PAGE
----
Many selections are also accompanied by a rather large, basic house salad.
When I asked Claudia her favorite dish on the menu, she recommended a traditional Colombian favorite, Cazuela de Mariscos, which is executed here to spectacular degree. This thick and hearty seafood casserole is an enormous clay pot loaded with prawns, scallops, ridiculously tender octopus and calamari, as well as julienned strips of broiled flounder, all swimming in a thick, creamy, tomato bisque. Served with a side salad, french fries, and rice, it's more than enough to share. With such delicious seafood morsels almost spilling over the top, it's well worth the $19 for this Colombian classic.
If you are dining with a large group, I highly recommend the picada de la casa. Take a look at the Coke can beside this gargantuan platter for a scale reference. $23 buys a heaping pile of assorted fried goodies.
Fried green plantain, creole potatoes, chorizo, steak, and yucca (all pictured above) are also jumbled in with fluffy arepas (corn cakes), fried short ribs, and pork skin. It's entirely too much for one person, but wonderfully crisp and salty.
If you aren't brave (or famished) enough to tackle the whole platter, I actually highly recommend the fried creole potatoes, which are also available as a side dish. These tender golden spuds are crusted in a crunchy and earthy, salty skin that adds delicious flavor and texture dimensions.
Or simply try the fried steak, which is also one of the weekday specials. Drizzled with a little pica and spicy remoulade, it won the award for "perfect bite," tasting every bit as delicious as it looks.
Soup specials change daily, as well, ranging from oxtail beef stew to pigeon pea soup to the savory hen soup (pictured above), which was loaded with a rich chicken broth that saturated generous cubes of tender potato, and whole pieces of thigh and drumsticks. These soups are intended as meals by themselves, and come in heaping ceramic cauldrons for $7 or $8.
Wednesdays feature a gorgeously grilled pork chop for just $6.99, which I ordered topped with a sweet, caramelized plantain. Forget pork chops and apple sauce when you can get it topped with a Colombian bananas foster.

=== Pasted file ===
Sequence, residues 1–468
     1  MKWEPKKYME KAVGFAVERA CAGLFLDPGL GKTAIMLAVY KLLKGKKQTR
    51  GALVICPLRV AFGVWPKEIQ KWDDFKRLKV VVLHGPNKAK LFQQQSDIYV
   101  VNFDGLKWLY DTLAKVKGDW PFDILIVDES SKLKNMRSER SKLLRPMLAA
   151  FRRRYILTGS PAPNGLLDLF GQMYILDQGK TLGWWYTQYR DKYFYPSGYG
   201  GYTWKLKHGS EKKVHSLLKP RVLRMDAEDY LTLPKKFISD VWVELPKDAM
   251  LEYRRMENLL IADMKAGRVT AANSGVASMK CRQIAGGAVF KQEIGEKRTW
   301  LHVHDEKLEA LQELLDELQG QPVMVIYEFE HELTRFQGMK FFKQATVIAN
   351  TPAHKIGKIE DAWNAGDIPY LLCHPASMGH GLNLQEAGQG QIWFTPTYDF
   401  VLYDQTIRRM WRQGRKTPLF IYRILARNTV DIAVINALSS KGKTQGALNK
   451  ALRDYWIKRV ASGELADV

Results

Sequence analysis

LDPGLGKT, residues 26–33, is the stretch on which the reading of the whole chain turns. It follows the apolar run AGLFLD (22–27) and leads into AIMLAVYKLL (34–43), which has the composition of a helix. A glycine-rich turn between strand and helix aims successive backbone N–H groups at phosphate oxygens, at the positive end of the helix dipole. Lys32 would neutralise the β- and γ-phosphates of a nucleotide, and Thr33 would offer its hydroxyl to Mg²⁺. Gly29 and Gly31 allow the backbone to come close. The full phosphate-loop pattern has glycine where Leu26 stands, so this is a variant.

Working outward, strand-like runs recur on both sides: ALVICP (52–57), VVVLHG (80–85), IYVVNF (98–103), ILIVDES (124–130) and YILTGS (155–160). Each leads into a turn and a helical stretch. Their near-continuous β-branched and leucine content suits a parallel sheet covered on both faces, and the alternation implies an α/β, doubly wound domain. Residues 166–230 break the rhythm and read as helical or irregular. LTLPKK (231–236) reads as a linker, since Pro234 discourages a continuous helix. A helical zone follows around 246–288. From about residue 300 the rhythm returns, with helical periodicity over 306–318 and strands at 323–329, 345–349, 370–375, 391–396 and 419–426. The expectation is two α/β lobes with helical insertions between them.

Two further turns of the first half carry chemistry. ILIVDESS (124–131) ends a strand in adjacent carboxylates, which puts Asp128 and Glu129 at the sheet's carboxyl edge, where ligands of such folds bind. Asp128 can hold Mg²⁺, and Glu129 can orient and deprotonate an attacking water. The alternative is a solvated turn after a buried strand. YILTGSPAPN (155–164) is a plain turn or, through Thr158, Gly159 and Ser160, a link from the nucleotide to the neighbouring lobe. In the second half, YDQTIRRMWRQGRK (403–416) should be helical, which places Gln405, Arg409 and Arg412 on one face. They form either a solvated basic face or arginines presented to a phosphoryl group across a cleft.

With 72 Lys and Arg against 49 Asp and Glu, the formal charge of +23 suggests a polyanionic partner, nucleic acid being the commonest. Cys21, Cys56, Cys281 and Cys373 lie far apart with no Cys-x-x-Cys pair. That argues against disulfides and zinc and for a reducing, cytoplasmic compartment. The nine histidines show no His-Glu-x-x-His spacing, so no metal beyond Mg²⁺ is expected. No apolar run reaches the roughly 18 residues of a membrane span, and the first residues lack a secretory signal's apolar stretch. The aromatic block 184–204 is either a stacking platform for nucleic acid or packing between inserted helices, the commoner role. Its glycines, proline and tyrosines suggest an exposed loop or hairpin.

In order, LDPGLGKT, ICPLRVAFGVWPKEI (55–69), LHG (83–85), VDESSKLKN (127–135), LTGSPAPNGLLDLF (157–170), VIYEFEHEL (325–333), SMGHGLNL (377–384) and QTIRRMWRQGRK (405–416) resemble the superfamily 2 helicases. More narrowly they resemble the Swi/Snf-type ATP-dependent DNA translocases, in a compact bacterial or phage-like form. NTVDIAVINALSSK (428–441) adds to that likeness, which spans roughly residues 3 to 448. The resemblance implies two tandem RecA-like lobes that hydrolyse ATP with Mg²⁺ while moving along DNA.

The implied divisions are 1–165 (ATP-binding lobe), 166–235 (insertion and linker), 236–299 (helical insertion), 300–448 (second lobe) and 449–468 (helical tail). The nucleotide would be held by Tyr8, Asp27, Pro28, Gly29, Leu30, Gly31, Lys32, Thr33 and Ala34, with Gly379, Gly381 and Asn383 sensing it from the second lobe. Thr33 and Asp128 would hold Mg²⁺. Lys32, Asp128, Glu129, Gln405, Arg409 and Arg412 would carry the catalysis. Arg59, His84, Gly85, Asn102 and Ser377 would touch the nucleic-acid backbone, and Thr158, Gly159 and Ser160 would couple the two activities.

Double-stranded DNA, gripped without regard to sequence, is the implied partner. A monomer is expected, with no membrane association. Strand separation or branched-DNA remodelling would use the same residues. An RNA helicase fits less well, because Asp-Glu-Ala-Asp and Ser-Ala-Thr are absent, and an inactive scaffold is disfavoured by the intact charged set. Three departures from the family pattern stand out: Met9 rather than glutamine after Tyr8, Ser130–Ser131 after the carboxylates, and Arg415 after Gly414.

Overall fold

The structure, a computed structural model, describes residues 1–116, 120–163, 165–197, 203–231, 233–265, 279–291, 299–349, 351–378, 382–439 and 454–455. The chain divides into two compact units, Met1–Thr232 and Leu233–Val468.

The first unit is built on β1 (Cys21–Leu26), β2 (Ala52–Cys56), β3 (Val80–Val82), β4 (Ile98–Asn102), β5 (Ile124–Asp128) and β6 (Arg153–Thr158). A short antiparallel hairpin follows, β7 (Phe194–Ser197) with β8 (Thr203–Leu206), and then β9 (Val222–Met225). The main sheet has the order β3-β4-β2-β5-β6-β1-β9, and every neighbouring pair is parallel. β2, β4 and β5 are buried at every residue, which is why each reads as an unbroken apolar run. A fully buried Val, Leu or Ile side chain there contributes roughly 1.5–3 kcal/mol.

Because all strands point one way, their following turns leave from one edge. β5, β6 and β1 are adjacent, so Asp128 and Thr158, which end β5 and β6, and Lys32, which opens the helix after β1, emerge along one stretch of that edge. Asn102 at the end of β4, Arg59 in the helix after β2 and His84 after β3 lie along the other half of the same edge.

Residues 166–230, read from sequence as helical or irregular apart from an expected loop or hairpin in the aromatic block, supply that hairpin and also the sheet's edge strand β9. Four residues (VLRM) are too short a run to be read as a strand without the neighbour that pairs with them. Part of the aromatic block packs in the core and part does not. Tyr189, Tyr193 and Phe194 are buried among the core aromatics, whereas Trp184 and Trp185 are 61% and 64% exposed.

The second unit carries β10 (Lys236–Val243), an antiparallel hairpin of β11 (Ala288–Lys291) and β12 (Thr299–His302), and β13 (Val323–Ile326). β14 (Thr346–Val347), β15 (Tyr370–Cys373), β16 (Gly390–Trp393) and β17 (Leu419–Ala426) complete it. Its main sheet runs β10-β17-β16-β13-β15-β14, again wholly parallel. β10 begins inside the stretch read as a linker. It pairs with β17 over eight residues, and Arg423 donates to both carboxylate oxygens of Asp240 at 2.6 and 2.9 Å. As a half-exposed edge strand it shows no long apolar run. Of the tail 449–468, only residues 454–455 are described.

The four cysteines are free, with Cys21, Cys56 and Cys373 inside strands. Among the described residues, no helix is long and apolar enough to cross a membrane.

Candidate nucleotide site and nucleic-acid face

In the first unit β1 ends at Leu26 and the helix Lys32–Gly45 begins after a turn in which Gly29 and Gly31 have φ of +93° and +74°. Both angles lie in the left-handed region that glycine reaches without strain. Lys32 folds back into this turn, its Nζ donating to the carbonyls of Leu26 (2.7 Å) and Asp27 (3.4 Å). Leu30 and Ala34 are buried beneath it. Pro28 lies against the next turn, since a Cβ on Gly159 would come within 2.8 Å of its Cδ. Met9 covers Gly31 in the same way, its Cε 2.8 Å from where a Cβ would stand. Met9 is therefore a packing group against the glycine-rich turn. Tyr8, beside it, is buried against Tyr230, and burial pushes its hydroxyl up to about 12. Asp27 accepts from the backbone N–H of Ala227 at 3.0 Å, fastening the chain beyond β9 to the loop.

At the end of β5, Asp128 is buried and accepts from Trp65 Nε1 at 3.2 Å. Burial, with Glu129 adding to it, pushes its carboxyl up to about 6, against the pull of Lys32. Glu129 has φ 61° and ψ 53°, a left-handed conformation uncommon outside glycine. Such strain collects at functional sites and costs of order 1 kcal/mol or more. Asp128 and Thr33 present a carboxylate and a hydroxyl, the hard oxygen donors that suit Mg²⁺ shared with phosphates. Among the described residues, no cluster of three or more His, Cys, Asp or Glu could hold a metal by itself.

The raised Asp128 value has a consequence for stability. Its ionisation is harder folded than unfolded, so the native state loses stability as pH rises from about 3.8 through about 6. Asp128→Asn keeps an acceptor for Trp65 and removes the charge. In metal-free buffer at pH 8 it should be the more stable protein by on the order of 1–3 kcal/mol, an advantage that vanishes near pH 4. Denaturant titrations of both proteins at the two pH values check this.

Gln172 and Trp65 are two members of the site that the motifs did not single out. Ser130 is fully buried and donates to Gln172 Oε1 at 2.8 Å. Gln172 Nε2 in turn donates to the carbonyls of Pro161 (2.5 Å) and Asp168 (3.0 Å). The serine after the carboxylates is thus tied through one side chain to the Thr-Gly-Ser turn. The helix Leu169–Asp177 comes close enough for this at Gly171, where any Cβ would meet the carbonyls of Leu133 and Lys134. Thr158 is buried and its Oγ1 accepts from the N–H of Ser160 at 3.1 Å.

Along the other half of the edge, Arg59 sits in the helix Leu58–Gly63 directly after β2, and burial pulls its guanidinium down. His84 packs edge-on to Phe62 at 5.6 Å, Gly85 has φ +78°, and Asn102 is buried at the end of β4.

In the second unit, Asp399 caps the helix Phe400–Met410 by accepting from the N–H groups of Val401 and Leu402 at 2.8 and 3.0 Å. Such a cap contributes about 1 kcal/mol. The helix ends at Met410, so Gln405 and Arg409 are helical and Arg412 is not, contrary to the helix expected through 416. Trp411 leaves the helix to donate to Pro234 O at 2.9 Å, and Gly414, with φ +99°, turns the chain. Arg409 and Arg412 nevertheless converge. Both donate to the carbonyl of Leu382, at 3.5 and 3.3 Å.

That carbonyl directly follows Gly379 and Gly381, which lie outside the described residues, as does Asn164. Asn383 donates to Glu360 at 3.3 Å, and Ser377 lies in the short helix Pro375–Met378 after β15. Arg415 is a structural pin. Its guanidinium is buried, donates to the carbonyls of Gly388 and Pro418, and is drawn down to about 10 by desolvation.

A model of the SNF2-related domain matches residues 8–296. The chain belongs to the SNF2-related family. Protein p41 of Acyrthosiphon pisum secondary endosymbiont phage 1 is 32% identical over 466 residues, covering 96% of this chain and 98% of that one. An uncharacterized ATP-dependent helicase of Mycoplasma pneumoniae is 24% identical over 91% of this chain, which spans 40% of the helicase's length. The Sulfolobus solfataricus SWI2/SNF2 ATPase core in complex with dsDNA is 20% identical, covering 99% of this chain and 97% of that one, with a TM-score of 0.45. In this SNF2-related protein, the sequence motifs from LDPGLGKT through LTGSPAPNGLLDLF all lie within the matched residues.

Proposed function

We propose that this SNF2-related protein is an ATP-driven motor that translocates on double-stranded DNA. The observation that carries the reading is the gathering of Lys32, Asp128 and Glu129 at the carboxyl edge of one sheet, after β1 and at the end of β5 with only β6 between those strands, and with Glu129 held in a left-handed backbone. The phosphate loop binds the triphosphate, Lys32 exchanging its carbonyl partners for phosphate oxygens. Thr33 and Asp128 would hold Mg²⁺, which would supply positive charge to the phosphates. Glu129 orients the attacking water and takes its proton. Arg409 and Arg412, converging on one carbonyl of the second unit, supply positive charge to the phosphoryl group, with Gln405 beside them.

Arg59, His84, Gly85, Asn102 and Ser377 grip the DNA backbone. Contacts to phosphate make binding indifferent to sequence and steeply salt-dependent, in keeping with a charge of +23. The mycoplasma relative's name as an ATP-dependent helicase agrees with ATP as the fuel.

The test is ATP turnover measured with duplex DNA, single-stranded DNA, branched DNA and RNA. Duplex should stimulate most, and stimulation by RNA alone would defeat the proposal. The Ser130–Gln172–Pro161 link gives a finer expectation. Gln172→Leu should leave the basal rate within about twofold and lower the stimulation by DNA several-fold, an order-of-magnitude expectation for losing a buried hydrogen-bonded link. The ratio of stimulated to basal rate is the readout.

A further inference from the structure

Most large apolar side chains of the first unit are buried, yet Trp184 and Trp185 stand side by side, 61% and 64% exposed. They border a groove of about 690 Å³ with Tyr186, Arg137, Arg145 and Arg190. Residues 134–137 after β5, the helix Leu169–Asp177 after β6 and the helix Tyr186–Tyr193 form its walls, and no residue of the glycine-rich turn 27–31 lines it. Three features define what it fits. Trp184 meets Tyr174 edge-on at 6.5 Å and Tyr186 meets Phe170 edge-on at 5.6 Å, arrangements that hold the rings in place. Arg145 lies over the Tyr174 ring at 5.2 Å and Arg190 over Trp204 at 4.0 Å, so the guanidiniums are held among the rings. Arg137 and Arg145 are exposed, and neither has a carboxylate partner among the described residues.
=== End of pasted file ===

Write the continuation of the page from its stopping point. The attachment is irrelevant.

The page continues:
Although these golden grilled pork chops are seasoned just enough, be sure to ask for a side ramekin of the chimichurri sauce, a peppery garlic and onion condiment that adds the perfect amount of tang and vinegar to cut the rich chop.
Although I try not to fill up on side dishes like rice and beans, they were exceptionally tasty, and were devoured alongside everything else. Other side dish options include various plantain preparations, lentils, and french fries.
While the arroz con leche is tasty, the true measure of a Latin dessert menu for me is often the quality of it's flan. The flan at Farid's Place is angelically light and smooth, like a buttery cloud of caramel custard. Served in a heart-shaped dessert bowl, the bottom is filled with almost a half inch of the bronzed sauce, enough to guarantee the last bite is just as decadent and sweet as the first. Hands down, one of the best flans around.
The award for most deliciously unique dessert using ingredients I would never have fathomed to combine goes to the brevas con areguipe y queso (candied figs with caramel and cheese). Imagine figs that have been boiled in sugar water until tender, then chilled, and canned in sweet syrup. Now carefully slice those figs into quartered petals, arranged alternating with wedges of firm, pressed queso blanco. Finally, blanket the fruit and cheese with a thick dollop of homemade caramel. It's actually areguipe (also called dulce de leche), and at Farid's they boil the milk and sugar for over three hours until it reduces to an exquisite caramel topping. Tart and tender candied figs with slightly salty queso and a luxuriously smooth and sticky caramel. It was out of this world wonderful.
The final sweet touch (besides a reasonably priced bill) are imported Colombian after dinner candies. The Maxti (left) wins the prize for best post-meal wrapped candy. Tiny little bricks of milk chocolate with an espresso bean inside.
Farid's Place also offers free delivery.